Let’s face it. Sometimes Scripture is hard to swallow. Sometimes what we read doesn’t make us feel good about ourselves, and often what Scripture tells us to do seems impossible. Political correctness? Forget about it.
When I read this portion of Scripture telling the Jews to toss all the diseased people out of the camp, I get it. In order to keep the rest of them healthy, the infected ones had to be removed. It was black and white. Are you diseased? Get out.
I imagine there were tears as loved ones were separated. I imagine someone felt it wasn’t fair. But it had to be done to keep the rest of them undefiled.
That makes sense, until I remember that Scripture often likens disease to sin. Putting the spiritual spin on these verses isn’t as black and white, although I guess it should be.
I believe the modern day Church has gotten so far from what God intended. I see us becoming more concerned about people’s feelings instead of their souls. I wonder if we think that if we provide an inviting setting, an exciting experience, a laid back atmosphere, sinners will come into our midst. Do we think that’s a good thing?
Isn’t that the opposite of what we see here in Scripture? “Oh, you have leprosy? Come right in and make yourself comfortable. My healthy skin will just rub off on you.”
It burdens my heart to know the church has in some cases, not only turned a blind eye to sin, it’s welcomed sin into our midst. And don’t use the argument that we live under grace after the cross. Grace is not acceptance of sin. Grace is not even love. Grace is God dealing harshly with sin, forgiving sin through the blood of Jesus which He shed in a very, very painful way.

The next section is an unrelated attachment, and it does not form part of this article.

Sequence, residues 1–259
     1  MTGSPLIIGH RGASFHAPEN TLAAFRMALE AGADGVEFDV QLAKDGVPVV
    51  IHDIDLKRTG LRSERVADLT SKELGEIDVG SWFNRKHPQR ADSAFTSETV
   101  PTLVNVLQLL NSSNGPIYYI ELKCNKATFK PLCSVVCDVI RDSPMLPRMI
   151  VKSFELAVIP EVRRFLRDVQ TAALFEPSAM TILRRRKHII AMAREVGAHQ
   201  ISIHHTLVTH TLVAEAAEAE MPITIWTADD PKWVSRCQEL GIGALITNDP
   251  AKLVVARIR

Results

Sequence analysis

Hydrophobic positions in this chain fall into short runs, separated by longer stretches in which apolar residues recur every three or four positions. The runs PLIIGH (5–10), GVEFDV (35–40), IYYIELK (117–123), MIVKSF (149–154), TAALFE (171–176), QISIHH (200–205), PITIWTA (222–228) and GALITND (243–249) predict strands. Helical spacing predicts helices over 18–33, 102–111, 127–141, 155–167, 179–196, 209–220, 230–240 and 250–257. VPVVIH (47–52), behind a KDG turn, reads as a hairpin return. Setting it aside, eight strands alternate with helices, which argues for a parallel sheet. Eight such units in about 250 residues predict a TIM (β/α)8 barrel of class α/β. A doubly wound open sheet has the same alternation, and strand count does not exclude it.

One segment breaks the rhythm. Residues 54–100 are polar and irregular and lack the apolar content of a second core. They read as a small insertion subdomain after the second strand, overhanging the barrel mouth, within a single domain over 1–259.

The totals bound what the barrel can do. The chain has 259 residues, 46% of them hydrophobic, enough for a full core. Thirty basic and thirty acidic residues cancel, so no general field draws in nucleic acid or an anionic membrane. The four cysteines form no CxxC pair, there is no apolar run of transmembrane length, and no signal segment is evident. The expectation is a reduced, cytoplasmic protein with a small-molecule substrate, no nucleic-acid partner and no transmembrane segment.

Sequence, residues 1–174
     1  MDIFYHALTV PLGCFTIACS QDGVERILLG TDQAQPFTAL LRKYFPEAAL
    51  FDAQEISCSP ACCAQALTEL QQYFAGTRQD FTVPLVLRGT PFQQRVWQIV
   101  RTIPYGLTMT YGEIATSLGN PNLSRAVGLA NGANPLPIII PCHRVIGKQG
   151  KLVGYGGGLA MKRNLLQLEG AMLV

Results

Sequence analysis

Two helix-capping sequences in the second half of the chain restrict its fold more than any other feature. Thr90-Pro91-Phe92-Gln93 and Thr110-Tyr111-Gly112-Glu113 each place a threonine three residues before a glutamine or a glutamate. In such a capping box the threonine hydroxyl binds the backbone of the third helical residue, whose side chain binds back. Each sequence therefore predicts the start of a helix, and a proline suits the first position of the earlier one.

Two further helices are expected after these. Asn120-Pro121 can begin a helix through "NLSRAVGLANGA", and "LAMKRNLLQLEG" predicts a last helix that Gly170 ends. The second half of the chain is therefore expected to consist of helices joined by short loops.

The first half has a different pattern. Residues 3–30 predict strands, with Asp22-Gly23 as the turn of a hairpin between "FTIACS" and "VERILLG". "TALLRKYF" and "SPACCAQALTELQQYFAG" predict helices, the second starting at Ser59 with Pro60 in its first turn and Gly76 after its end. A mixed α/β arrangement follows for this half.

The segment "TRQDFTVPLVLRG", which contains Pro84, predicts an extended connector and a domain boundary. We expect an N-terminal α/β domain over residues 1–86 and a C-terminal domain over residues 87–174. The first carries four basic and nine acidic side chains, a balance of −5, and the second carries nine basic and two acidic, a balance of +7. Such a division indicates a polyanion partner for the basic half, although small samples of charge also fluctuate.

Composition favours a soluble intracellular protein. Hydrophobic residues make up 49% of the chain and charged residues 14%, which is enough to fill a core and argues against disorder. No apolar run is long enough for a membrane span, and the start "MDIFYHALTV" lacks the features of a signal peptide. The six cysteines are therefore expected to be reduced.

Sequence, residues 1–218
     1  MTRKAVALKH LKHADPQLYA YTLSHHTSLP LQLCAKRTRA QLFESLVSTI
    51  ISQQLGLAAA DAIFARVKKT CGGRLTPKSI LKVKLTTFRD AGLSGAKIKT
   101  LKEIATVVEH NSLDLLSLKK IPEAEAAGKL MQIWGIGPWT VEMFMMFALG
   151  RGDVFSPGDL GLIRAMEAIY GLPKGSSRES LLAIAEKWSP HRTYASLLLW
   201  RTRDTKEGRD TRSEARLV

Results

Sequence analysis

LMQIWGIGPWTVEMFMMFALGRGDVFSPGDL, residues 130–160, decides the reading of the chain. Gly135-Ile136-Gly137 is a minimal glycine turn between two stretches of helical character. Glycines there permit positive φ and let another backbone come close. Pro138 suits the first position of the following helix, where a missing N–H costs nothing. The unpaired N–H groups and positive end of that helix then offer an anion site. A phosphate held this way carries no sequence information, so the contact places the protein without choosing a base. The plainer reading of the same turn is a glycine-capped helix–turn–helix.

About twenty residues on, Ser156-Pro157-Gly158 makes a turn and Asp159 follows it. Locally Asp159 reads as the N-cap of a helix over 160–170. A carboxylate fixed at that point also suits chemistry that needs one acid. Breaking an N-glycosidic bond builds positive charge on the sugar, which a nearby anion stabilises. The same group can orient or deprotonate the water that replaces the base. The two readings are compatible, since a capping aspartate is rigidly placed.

The New Testament writers continue to tell believers to come out from among the world, to flee sin, to brush the dust off our feet. Yes, God loves sinners. Yes, Jesus ate with sinners. But Jesus went to them. He didn’t bring them into the synagog first to tell them the Gospel.
Matthew Henry reminded me that when Jesus returns He will “gather out of his kingdom all things that offend.” In the new Jerusalem, nothing unclean will enter. (from Rev 11) (Commentary In One Volume; Zondervan Publishing; 1960; page 146) Will there be people who sit in our pews today who will be “gathered out,” fully expecting to be accepted just like they are in those pews?
The assembling of ourselves as a church body is intended to edify believers, strengthen believers, encourage and challenge believers to go into the world to share the Gospel. And, dear one, we must keep it pure, undefiled. It’s not a social club. The Church is an exclusive organization. Only believers in Jesus Christ can be included. You might not think that’s fair. And that might be the problem.
Sin should not be tolerated in the church. Period. But I thank God that, even those diseased Jews who were thrown out of the camp, were welcomed back once they were disease-free. But the healing came before the welcome.
I just think maybe we shouldn’t be so concerned about growing our churches. The number of people attending your church is meaningless. However, the number of new believers who come as a result of someone from your fellowship leading them to the Savior is everything.
Keep the sin outside the camp.